In 1947, the British Government decided to mark the 100th anniversary of the Great Exhibition of 1851 with a Festival of Britain, scheduled to open 100 years to the day since the launch of the Great Exhibition, on 3 May 1951. The focus was an exhibition in London, and the area we now know as South Bank was chosen as the venue for the celebration of British achievements past, present and future. A little upriver at Battersea were the complementary Festival Pleasure Gardens. Whilst the tone on the South Bank was ‘intellectual seriousness’, at Battersea all was colour and whimsy, and a highlight was the sparkling grotto, sponsored by Schhh, you know who…
The Round Tower, aka Guy’s Folly, stood on high ground to the west of what is now the A424 between Stow on the Wold and Burford. Sadly, this lovely little folly was demolished in the 1970s to make way for a B.B.C. transmission mast. Both Napoleon and Kitchener make an appearance in its rather hazy history…
The Folly Flâneuse is putting her feet up this week, and handing over to her very good friend The Garden Historian. As guest contributor he reveals the history of the lovely, but now lost, timber temple at Exton Park.
In 1953, when Barbara Jones coined the opening words ‘survival is capricious’ for her account of the Bark Temple in Follies & Grottoes, she was probably unaware of how prophetic they were. At the time, she mused whether it was ‘perhaps built as a band stand for dances by the lake’; yet feeling the building’s oppressiveness as it slipped into ruin, added ‘but an innocent purpose for it seems unthinkable.’ She was actually so right on the former, and so wrong on the latter.
This weekend the country celebrates the 75th anniversary of VE Day. Thinking of the events of 1939-45, the Folly Flâneuse was reminded of a wartime project to document the changing rural and urban face of Britain. At a time when the future seemed uncertain, ‘Recording Britain’ commissioned artists to portray the country as it then was, creating a visual history for future generations.
Few follies can be said to have directly contributed to coastal erosion, but one example can be found in the lovely little village of Hunmanby, near Filey. Early in the 19th century Humphrey Osbaldeston, of Hunmanby Hall, took stone from the rocky coastal outcrop called Filey Brigg, and used it to erect this rustic entrance arch.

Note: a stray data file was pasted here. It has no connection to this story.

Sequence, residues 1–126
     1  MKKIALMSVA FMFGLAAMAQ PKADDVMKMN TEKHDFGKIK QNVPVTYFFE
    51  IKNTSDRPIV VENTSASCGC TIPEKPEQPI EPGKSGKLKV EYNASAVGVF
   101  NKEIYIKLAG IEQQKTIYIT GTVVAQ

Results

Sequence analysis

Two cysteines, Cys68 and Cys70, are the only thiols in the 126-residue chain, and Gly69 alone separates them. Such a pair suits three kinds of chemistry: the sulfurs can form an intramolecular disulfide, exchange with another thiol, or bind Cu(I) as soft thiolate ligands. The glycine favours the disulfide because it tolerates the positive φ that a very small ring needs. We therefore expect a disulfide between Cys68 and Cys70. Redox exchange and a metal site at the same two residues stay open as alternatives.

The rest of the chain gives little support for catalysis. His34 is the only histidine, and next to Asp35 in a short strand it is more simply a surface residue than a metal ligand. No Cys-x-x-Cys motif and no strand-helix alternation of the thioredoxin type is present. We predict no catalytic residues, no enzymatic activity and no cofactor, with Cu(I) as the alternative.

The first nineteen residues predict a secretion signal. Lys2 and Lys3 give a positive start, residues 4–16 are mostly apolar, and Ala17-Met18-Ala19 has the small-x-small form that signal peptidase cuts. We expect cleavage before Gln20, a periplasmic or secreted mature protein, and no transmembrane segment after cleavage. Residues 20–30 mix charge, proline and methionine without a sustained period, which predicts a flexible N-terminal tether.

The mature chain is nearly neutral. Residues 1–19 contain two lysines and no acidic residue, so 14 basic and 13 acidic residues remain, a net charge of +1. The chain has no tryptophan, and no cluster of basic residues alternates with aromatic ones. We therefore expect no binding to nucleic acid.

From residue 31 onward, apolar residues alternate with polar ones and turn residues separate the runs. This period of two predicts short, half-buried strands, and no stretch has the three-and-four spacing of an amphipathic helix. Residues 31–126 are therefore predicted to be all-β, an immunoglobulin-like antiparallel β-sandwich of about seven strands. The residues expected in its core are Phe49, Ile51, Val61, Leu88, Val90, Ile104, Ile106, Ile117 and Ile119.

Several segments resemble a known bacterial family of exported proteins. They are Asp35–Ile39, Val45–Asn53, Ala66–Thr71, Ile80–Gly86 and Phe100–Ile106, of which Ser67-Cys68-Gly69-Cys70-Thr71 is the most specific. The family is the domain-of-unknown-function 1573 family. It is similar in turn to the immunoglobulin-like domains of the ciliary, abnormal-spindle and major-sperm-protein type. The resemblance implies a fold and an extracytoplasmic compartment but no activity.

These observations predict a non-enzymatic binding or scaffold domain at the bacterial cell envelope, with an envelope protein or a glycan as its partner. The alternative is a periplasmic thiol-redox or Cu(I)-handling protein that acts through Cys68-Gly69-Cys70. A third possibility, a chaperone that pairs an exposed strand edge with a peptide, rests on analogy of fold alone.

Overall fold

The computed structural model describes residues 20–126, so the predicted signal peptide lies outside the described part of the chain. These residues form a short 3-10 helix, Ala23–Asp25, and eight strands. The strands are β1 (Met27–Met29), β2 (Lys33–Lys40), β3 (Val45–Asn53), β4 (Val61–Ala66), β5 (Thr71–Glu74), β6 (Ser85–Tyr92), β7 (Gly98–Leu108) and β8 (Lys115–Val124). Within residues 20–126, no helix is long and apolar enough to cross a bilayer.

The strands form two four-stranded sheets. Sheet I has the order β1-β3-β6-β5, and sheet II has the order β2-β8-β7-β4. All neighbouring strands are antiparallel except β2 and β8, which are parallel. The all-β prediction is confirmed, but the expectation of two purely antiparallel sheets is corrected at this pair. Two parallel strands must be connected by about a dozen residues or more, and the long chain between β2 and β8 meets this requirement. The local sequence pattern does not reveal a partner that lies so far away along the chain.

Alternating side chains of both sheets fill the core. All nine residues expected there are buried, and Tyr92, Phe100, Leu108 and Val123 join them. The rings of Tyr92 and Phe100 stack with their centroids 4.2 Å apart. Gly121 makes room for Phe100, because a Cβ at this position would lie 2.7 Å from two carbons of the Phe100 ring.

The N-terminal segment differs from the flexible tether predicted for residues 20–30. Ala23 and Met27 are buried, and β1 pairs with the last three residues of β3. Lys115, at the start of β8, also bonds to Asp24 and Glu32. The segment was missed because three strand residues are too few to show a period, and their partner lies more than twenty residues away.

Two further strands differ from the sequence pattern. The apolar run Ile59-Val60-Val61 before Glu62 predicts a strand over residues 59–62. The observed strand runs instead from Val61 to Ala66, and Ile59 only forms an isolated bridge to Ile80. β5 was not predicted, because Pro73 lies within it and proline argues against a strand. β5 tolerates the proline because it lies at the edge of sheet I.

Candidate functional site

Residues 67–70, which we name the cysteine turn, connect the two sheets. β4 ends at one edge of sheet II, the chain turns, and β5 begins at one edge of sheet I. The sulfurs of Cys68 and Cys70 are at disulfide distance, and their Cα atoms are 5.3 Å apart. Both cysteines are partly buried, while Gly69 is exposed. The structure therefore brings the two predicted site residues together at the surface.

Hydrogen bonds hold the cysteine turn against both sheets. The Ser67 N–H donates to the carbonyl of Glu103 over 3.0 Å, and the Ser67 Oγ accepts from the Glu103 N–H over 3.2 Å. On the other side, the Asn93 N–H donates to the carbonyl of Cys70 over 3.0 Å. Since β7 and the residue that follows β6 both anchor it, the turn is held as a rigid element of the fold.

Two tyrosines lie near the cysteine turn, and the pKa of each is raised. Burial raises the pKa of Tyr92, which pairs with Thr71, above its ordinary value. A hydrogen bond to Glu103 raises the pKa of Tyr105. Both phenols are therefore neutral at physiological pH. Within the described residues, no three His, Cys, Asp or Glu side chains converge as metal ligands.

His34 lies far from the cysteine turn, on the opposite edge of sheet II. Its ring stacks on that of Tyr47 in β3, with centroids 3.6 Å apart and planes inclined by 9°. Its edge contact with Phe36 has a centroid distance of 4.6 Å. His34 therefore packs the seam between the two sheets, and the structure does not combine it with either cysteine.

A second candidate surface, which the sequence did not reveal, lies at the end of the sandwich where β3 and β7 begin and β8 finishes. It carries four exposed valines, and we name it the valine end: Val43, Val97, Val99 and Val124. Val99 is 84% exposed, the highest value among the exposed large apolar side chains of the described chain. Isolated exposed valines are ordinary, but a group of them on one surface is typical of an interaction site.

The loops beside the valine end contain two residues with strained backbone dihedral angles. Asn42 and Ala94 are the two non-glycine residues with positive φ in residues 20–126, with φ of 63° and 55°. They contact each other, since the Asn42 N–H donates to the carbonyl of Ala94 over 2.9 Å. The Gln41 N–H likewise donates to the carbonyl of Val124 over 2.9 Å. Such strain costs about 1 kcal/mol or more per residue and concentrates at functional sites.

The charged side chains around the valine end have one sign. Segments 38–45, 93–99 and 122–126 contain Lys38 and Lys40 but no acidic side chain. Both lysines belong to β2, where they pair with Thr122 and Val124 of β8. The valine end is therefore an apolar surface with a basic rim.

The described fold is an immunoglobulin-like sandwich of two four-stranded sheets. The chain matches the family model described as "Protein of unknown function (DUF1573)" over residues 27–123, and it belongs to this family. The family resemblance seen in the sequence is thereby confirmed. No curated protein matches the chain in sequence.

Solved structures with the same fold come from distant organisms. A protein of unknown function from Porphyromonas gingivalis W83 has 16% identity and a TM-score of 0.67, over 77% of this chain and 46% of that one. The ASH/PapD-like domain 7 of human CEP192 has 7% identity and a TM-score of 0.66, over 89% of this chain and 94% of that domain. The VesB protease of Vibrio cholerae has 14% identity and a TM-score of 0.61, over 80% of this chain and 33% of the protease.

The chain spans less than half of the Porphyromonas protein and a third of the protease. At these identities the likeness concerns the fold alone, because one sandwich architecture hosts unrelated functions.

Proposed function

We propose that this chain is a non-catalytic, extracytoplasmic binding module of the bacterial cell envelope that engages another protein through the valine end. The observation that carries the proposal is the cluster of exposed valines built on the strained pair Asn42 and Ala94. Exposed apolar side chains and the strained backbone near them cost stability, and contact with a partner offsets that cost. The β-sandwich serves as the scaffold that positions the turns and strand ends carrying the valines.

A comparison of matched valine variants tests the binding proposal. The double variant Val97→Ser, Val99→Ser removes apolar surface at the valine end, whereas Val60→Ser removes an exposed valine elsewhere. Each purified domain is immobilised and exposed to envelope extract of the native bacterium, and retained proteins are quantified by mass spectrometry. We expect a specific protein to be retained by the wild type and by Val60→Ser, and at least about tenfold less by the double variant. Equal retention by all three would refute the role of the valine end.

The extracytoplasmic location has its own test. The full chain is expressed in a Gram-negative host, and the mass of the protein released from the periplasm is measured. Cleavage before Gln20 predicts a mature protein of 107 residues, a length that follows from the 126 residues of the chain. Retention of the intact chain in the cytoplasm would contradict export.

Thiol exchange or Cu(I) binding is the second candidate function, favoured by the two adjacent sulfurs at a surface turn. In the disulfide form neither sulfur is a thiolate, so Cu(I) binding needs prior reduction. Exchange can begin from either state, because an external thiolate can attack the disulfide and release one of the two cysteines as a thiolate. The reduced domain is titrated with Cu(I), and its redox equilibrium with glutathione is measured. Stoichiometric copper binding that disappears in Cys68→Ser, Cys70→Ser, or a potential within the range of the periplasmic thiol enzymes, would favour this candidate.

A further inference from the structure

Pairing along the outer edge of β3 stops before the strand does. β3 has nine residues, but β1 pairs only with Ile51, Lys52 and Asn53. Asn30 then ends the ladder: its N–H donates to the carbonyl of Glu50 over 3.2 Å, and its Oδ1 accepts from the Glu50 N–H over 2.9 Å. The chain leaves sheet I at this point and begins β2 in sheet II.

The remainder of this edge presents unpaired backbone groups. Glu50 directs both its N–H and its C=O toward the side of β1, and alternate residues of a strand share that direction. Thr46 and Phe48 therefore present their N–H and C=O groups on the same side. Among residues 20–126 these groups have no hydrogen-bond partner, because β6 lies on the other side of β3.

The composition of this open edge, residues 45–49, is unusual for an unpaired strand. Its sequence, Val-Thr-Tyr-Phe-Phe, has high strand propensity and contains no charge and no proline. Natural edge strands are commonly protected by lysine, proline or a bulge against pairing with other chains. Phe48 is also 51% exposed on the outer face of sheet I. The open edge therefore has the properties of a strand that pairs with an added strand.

As the nation settles into staying at home, forgoing a social life and, more practically, visits to the hairdresser and beauty salon, the Folly Flâneuse got to thinking about those fashionable landscape ornaments called hermitages, in which men (presumably women had more sense than to apply for the vacancy) lived in isolation. With ragged clothing, long fingernails, and unkempt beards, the hermits animated the landscape, whilst creating a little drama for the visitors who caught a (staged) glimpse of the recluse.
In 1829 William Bettison Esq. purchased a country retreat on Newbegin in Hornsea, in the East Riding of Yorkshire. From here, he commuted by phaeton to Hull, where during his career he was owner of the Humber Street Brewery and proprietor of the Hull Advertiser. The house came with ‘extensive Pleasure Grounds’ and some time around 1844 he constructed this curious tower built of what are called treacle bricks, over-baked rejects from the kiln.
1814 saw the centenary of the ascension of the House of Hanover to the British throne. Although it was only a few years since George III had celebrated a reign of 50 years, it was decided that a grand national fête would be held in August to mark the occasion, an event which would also commemorate ‘General Peace’ and the anniversary of the ‘Glorious Battle of the Nile’.
This sham castle folly was built to ornament the ‘beautiful grounds’ of the house which is now called Thornborough Hall, on the edge of Leyburn in the Yorkshire Dales*. Part of the gardens was developed for housing in the 20th century, but there is still plenty of interest if one sets off to explore the woodland behind the hall.
Oswell Blakeston (1907-1985), was born Henry Joseph Hasslacher, and created his nom de plume by condensing ‘Osbert Sitwell’, whom he admired, into ‘Oswell’ and adding his mother’s maiden name. He was a British writer and artist with wide interests, and one of his passions was follies; his role in bringing the genre to a wider audience deserves to be better known.